African American Couple Talking
Here Are 20 Things To Talk To Your Partner About That Aren't Kid-Related, For Once

When you’ve been in a long-term relationship with your partner, it’s easy to run out of things to say. Let's face it, “How was your day, dear?” might not cut it anymore, because in reality, most days are a bit mundane, maybe even pretty crappy at worst. That’s why you need interesting things to talk to your partner about to help keep the two of you interested — and invested — in each other.

Ironically, what consumes most of your day (i.e. kids and work) are the two things you should probably steer clear from talking about, experts advise. “Things stay interesting when you spice it up,” Toni Coleman, LCSW, a psychotherapist, tells Romper. “When you do this through conversation, avoid falling into the habit of discussions that focus only on household/family needs, problems with kids, and complaints at work.” Sheesh, what else is there to talk about, then? As it turns out, a lot, even though it's easier said than done.

On the somewhat rare occasion that we are outside the house (gasp) sans children, my hubby and I try really hard not to talk about the kids — I'm talking Herculean efforts not to mention our offspring. But with four of them, someone always has something going on and they're such an easy topic to fall back on, and that means our conversations can feel like we're at a parent/teacher conference.

If you need some guidance on what to bring up with your partner the next time you're alone, let this list of topics to talk to your partner about keep things fresh, fun, and interesting between the two of you.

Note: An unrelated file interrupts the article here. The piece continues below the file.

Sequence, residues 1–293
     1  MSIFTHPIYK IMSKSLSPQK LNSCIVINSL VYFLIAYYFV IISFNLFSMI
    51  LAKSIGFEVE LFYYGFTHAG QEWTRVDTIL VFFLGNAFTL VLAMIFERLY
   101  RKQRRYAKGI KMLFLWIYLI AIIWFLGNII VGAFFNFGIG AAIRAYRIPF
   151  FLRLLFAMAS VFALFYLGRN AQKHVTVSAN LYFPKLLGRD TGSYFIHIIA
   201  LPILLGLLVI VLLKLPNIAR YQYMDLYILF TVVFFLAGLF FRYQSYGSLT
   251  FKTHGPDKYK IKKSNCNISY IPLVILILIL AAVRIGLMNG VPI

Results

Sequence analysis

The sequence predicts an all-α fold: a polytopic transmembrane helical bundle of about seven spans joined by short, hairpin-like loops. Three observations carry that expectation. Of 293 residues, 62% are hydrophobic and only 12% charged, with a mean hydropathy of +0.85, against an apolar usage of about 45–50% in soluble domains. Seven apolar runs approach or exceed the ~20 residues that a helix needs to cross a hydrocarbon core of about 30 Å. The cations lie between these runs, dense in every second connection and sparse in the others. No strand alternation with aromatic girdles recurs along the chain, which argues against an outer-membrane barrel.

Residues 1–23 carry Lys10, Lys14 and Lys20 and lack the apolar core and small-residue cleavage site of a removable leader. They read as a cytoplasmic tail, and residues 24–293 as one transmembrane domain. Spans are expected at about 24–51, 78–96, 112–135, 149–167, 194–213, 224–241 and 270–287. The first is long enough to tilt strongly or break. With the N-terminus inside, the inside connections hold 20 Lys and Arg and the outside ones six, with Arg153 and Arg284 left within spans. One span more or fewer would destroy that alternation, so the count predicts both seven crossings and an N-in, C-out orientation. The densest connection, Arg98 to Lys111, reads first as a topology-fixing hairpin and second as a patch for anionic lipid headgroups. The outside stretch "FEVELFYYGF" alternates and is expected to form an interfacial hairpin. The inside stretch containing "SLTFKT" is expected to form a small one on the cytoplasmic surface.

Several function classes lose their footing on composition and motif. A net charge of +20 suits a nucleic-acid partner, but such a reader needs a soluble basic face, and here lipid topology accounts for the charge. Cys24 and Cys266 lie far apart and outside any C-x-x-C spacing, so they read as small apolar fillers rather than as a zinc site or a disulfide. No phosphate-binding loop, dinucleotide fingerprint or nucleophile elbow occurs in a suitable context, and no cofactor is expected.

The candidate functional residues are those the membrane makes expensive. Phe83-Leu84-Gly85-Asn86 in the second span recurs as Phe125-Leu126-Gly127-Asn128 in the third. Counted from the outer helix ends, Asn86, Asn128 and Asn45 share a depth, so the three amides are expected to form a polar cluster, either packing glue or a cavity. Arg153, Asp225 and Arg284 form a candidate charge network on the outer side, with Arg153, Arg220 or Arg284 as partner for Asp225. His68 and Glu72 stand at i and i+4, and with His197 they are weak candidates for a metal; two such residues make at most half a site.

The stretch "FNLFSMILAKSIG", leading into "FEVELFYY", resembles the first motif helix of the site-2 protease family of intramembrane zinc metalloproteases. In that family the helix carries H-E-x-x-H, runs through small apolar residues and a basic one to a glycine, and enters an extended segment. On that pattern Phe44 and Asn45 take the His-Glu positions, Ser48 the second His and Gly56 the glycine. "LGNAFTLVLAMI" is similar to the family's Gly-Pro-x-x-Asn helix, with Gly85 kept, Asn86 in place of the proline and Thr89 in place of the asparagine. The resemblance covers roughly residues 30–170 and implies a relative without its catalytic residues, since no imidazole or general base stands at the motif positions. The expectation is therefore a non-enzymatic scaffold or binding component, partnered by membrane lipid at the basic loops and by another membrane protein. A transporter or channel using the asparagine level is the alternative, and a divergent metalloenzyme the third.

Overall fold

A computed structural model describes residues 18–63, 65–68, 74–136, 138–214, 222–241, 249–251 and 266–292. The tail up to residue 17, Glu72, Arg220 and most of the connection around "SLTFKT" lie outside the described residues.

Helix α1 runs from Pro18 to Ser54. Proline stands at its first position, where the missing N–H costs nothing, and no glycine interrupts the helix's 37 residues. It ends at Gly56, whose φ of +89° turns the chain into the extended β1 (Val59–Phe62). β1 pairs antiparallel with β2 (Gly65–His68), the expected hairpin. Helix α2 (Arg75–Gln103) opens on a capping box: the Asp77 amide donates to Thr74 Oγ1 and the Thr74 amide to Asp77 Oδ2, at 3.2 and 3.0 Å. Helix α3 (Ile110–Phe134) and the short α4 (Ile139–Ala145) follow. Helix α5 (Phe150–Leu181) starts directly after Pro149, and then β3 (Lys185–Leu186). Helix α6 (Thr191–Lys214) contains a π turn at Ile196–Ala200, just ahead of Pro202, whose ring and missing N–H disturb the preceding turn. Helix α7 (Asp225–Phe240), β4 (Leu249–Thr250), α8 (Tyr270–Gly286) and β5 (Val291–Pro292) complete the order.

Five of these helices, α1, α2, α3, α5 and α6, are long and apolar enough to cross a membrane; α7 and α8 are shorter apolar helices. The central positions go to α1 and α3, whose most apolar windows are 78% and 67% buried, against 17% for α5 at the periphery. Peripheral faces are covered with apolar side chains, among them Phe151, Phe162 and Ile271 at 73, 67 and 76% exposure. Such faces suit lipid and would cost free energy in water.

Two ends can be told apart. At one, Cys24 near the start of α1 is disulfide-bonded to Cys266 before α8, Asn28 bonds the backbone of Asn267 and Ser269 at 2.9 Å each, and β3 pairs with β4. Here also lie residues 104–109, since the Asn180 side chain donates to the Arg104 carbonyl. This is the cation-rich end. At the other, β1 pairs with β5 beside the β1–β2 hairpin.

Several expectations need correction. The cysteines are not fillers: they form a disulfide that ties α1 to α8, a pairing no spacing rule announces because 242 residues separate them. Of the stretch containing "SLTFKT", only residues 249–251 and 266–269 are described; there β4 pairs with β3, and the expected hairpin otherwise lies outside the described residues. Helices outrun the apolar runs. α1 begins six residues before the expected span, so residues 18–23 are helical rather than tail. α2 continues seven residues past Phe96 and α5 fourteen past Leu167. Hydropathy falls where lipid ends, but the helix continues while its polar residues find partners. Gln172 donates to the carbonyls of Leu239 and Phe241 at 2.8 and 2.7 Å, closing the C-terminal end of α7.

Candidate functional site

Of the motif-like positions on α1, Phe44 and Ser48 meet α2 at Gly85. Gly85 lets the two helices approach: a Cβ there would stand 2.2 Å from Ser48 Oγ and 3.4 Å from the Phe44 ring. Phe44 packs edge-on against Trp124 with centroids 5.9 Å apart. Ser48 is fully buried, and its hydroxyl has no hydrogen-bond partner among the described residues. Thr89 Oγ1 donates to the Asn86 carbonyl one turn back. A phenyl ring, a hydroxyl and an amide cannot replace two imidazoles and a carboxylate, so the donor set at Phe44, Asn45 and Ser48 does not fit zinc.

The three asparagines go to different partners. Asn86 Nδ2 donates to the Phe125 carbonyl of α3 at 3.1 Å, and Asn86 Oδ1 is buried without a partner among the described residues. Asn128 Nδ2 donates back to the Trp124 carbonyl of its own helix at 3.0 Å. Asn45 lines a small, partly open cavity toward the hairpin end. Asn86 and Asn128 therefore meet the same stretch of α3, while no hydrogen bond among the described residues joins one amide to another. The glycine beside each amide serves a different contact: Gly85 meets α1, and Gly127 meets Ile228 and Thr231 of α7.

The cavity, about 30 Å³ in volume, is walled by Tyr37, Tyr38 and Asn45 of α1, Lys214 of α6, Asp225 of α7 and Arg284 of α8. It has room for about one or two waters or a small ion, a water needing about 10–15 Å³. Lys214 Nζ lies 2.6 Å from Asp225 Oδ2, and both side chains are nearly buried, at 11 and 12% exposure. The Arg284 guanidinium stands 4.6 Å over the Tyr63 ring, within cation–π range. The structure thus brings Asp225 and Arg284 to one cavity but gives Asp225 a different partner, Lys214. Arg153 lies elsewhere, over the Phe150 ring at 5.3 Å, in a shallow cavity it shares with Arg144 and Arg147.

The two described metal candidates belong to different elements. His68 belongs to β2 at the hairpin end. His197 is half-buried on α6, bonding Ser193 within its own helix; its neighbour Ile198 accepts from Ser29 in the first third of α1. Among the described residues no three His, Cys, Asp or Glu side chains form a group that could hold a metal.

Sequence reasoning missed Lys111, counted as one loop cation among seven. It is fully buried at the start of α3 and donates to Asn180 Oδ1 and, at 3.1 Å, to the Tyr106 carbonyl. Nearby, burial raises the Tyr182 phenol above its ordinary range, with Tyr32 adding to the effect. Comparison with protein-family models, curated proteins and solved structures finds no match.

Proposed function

Vacation Plans


This is a biggie for me and my sweetie. There’s something about talking about an upcoming vacay that I find extremely relaxing. It’s almost like the foreplay before the nookie, if you know what I mean. It allows both of us to dream, and I’ve already started creating a vision board for our trip to Greece next year (Mamma Mia! tour included!).


Your Work Goals

Sure, this kind of falls into the work-related category, especially if your goals are office-oriented. But talking about work can be interesting, especially if you’re contemplating a career change, considering going back to school to increase your earnings potential, or if you’re up for a promotion at your current job. Since you’re working towards a goal, it makes work convos more motivational — and less monotonous.


Current Events

No, this isn’t social studies class, but rather a way to create a new topic of conversation for you both to discuss. “Introduce a new idea by sharing something cool you read about in the ... newspaper or online,” says Coleman. “All of these fall under intellectual chemistry, which is when we turn one another on through conversation and the inspiration of new ideas.”


The Holidays

The smell of PSLs are in the air, which means that we’re in the throes of the holiday season now. But before you begin dragging out the skeletons and witches, why not speak with your partner about how they’d like to celebrate (even if you usually take the reins on planning and executing)? Perhaps this is the year you opt to go away for Thanksgiving as a family rather than have to referee fights around the turkey table? Thinking of things in new ways (like the holidays) can create not just eye-opening conversations, but new traditions, too.


Your Family Goals